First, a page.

Opinion

Energy for tomorrow? We’ll see about that

The economy and social welfare of the United States, and each resident thereof, is deeply reliant on the availability of low-cost, reliable energy. The major consumer of energy is industry, which relates to individual employment and the goods and services that support our standard of living. The second-largest consumer of energy is transportation, which relates to the ability to move workers to and from employment and the ability to move goods and services throughout the country. Energy is at the heart of food production, home construction, health services, education and every other vital aspect of our life. As much as oxygen is essential to the sustainability of our individual life, energy is essential to our national and social survival. Thus it is absolutely critical each and every one of us understand the potential impacts of “energy policies” created by elected officials and supported by small groups of single interest activists.

All energy on earth, expended and potential, originated with our sun. In its various forms, energy has allowed mankind to progress from a pre-fire existence to our atom-powered life of today. Along the way, different forms and sources of energy have risen to prominence and then replaced by more efficient sources. In every case, the evolution of energy sources has been gradual and based in sound technological understanding of the transition. Unfortunately, as a nation, we seem to be disregarding one of the key lessons of our species’ history and appear to be embarking on a course of action that is neither scientifically sound nor based in factual evidence.

For a long time, a small segment of our society has tried to restrict the ability of other individuals to achieve the highest possible level of personal success. Over time, restrictions on land ownership, education, wealth assimilation and mobility have been tried in an effort to achieve that goal, but without success. The latest attempts are using fear of self-created global disaster to reign in the individual drive for excellence. The simple relationship of current energy consumption with potential global disaster, no matter how false and unsupported by fact, is the driving force to abandon the use of a primary energy resource and endanger our very existence. The end-use policy that would abandon use of hydrocarbon-based fuels, eliminate hydroelectric power generation and ignore the viability of nuclear power, all in favor of some manner of unproven and non-sustainable “renewable energy,” is a sentence of death to our national being and individual welfare.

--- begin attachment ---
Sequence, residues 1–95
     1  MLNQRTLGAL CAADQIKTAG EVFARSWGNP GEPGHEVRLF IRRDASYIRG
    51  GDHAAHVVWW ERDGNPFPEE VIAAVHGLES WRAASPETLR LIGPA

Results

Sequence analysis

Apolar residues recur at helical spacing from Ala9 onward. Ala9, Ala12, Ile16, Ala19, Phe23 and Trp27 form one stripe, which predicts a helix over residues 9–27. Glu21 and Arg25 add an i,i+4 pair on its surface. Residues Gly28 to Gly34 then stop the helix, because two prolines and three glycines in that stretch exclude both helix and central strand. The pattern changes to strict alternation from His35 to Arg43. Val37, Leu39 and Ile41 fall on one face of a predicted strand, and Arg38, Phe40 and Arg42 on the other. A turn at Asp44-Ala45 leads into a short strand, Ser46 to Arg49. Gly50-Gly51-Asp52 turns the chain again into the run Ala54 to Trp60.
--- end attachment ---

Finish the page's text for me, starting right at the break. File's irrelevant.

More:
The potential to replace current energy sources in the United States with “renewable sources,” including wind, solar and geothermal, is so limited by technical and practical reason as to be near laughable. Talking renewable sources is not the same as producing, storing and distributing that power necessary to support our existing industrial base, much less the growing base we need to flourish. Putting a windmill and solar panels on a rooftop is just fine so long as the power company continues to operate the power plant to support electricity needs when the “renewable” sources are not available. Just how many windmills will Ford, Chrysler and General Motors need to remain in operation, much less remain competitive? How many of the companies represented in your 401K will survive when the coal-fired electric plants are shut down? What will your electric bill look like when the existing power generation facilities are required to triple or quadruple costs to satisfy emission restrictions? Are you ready to eliminate some of the “common” essentials in your life because either there is insufficient power to sustain all or the price is too high? You need to understand that “energy independence” is not independence from energy. It’s time to do your homework, get the actual facts driving our energy policy and then speak out. The life you save will be your children’s.

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